Is COVID-19 a "force majeure" event according to Spanish law and jurisprudence? 

Without neglecting the applicability of the international instruments to the contracts concluded involving a foreign element, we will explain below how the Spanish legal system addresses the concept of "force majeure".

a) "Force majeure" definition under the Spanish law

Section 1105 of the Spanish Civil Code, contains a descriptive definition of the concept of Force Majeure or fortuitous event: "Apart from the cases expressly mentioned in the law, and those in which the obligation so declares, no one shall be liable for those events which could not have been foreseen, or which, foreseen, were unavoidable".

In addition, Section 1575 of the Spanish Civil Code states: "Extraordinary fortuitous events shall be deemed to mean: Fire, plague, unusual flooding, locusts, earthquake or other equally unaccustomed events, which the contracting parties should have been unable to foresee reasonably." 

In this context, it is important to remark that, under the Section 11012of the Spanish Civil code, Force Majeure excludes a willful act, negligence or late payment when the performance of the obligations is not possible because of a situation that can neither be foreseen nor avoided, and it occurs in an exceptional way.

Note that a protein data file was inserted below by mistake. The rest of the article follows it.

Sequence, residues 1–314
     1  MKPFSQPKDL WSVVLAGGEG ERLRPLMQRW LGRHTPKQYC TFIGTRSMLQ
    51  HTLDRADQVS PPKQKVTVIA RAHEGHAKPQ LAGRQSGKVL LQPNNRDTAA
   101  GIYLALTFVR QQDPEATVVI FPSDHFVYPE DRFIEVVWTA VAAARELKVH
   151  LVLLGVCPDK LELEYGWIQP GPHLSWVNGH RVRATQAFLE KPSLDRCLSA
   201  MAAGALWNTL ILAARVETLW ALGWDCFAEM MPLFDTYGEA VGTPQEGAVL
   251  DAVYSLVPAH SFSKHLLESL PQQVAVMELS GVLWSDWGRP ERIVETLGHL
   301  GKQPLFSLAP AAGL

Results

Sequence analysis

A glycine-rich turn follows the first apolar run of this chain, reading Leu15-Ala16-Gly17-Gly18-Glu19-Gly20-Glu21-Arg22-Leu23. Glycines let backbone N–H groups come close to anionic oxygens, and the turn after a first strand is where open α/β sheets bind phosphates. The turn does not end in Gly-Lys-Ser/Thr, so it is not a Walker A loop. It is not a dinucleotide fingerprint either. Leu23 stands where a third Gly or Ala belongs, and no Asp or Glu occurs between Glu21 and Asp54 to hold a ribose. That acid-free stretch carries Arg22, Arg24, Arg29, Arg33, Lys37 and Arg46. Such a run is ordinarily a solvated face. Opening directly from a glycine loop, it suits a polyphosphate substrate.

b)Requirements and effects under the Spanish law and jurisprudence

Under Spanish law, the Force majeure event has to meet the following requirements:

  • Unpredictability: The event surprises us when we take into account what happens normally and the usual consequences, so that the observation of reality does not allow us to anticipate that this event will occur and will have consequences of such magnitude. As a consequence, the event places one of the parties within an unforeseeable circumstance.
  • Inevitability: The inability to prevent either the event itself from occurring or its harmful consequences from materializing. The situation must be impossible to avoid by applying normal care, attention and effort in relation to the event in question, considering the specific circumstances of place, time, and person. As a result, the event places one of the parties within an unavoidable circumstance.